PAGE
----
FDA Responds to Discussions Regarding Toxic Elements in Baby Foods

On Friday, the United States Food and Drug Administration (FDA) announced that it issued a letter to manufacturers of baby and toddler foods reminding them of “their existing responsibility to consider the risks from chemical hazards, including toxic elements,” as part of a constituent update reporting on what the government body is doing to reduce harmful substances in foods for babies and young children. 

“We share the public’s concerns for the health of America’s children,” the announcement said, “and want to reassure parents and caregivers that at the levels we have found through our testing, children are not at an immediate health risk from exposure to toxic elements in foods.” 

The FDA explained in its update to the public that since toxic elements are in the environment, they also end up in the food supply. The update said that growing conditions, environmental contamination, manufacturing processes, and the genetic make-up of the foods contribute to the presence of arsenic, lead, mercury, and cadmium in some foods. The FDA did state in its update that “reducing exposure to toxic elements is important to minimiz(e) any potential long-term effects on the developing brains of infants and children,” and that the issue is a high priority to the FDA. The agency said it is working on altering systems to make the food consumed by babies and children safer. 

The report was published about one month after a House Subcommittee report showed “dangerous levels of toxic heavy metals” in baby foods produced by some of the largest baby food companies. The Subcommittee on Economic and Consumer Policy, part of the Committee on Oversight and Reform, asked the FDA to set uniform standards for heavy metal levels that baby food companies would need to follow. This report also led to multiple lawsuits against baby food companies for allowing toxic elements into baby foods and for misrepresenting the health of their products.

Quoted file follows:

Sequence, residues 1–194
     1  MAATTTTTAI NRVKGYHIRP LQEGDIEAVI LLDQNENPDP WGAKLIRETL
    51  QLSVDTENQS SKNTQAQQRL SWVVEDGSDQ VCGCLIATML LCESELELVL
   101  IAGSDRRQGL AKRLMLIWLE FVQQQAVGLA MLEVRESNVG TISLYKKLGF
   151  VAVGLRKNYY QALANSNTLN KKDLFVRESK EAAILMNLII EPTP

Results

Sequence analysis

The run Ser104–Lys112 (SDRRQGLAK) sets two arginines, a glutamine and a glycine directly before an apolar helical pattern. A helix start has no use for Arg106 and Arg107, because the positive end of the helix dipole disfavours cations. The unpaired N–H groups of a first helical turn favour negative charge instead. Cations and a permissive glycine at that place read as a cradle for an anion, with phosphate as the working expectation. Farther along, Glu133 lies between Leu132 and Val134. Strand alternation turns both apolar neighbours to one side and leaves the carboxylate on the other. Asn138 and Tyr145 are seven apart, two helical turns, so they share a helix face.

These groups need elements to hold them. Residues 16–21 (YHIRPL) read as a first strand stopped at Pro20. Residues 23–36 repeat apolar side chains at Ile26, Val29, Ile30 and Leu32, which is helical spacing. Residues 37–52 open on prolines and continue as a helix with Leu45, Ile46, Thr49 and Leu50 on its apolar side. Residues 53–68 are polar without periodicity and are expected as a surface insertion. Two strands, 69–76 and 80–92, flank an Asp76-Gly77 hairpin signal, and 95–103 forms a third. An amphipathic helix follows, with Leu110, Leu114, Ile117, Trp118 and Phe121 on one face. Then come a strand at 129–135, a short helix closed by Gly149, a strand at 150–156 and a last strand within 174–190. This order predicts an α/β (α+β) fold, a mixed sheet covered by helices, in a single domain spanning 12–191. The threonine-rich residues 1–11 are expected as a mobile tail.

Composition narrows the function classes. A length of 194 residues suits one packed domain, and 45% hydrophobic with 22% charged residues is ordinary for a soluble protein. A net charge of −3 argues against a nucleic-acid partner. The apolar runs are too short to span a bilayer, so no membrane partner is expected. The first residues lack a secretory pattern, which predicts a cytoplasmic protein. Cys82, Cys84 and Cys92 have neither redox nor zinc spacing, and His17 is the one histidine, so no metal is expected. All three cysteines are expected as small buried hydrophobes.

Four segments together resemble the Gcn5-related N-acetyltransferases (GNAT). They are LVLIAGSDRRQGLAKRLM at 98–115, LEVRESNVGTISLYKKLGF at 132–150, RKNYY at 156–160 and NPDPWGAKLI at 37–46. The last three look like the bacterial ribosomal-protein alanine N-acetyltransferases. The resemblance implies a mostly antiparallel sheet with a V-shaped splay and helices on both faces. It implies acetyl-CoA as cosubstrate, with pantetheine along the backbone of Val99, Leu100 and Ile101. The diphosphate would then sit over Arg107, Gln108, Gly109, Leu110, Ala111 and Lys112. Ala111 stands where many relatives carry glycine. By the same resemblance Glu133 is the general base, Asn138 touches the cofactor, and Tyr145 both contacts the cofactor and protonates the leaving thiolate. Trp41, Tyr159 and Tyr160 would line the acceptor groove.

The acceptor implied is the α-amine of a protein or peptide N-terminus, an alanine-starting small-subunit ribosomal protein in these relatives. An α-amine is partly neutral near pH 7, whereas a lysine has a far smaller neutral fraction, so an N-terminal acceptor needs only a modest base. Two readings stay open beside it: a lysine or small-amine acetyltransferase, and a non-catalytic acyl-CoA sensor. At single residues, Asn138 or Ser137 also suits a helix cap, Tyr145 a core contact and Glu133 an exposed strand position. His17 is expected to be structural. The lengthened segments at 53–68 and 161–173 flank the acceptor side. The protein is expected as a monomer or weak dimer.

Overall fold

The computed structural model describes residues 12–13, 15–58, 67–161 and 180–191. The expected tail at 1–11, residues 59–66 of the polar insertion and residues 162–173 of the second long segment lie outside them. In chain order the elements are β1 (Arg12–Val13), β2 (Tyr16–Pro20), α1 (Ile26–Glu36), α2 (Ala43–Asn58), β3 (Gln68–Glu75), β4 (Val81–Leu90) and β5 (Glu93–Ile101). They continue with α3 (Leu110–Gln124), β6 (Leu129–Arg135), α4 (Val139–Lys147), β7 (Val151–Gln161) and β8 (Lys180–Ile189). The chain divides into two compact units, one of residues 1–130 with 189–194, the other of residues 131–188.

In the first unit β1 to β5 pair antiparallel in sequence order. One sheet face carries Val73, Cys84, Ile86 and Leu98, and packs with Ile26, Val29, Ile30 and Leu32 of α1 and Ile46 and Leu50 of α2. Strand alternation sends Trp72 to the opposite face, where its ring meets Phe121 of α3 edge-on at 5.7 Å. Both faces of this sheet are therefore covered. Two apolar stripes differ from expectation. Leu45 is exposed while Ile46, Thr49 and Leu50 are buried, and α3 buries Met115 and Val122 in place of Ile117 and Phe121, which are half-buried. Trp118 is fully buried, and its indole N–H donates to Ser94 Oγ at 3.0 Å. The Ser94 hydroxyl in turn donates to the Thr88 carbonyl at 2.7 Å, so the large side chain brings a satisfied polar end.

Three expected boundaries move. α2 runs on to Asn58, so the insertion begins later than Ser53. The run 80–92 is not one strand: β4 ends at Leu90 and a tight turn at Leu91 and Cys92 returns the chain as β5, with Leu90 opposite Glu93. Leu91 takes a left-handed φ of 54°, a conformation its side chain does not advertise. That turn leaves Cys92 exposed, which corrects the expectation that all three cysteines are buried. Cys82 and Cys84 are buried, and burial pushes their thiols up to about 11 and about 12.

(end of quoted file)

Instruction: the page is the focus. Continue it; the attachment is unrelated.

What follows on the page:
In the letter to baby food manufacturers, the FDA shared information about chemicals and metals in food and about the FDA’s steps to reduce exposure to toxic elements through food, citing its steps to stop a juice company from continuing to sell products containing arsenic earlier this year. The FDA said it is “taking this opportunity to remind all baby and toddler food manufacturers and processors” of current regulations and hazard analysis responsibilities as a response to the subcommittee report. 

In the announcement, the FDA said it does not advise parents to throw out packaged baby foods or to stop feeding them to children, saying that eliminating food groups could result in nutrient deficiencies. “For parents who choose to make their own baby foods, it is important to know that this is not likely to reduce potential exposure to toxic elements in baby foods and may instead result in higher concentrations, as food manufacturers have the capability to implement strategies that result in using ingredients with lower concentrations of toxic elements,” the FDA said. It further explained that homemade infant formula could be particularly dangerous for children. 

The FDA additionally announced actions it plans to take to reduce toxic metals in baby foods, including, continuing to sample products, reviewing action levels, performing inspections and other enforcement activities, and providing guidance to baby food businesses on how to meet current regulations. 

“We are eager to work with federal partners, academia, and other stakeholders to inform the development of action levels of lead, cadmium, mercury, and arsenic in foods for babies and young children. We will be looking to additional sources of data, as well as increasing our testing for these elements, to better understand their prevalence in foods commonly eaten by babies and young children,” the FDA said.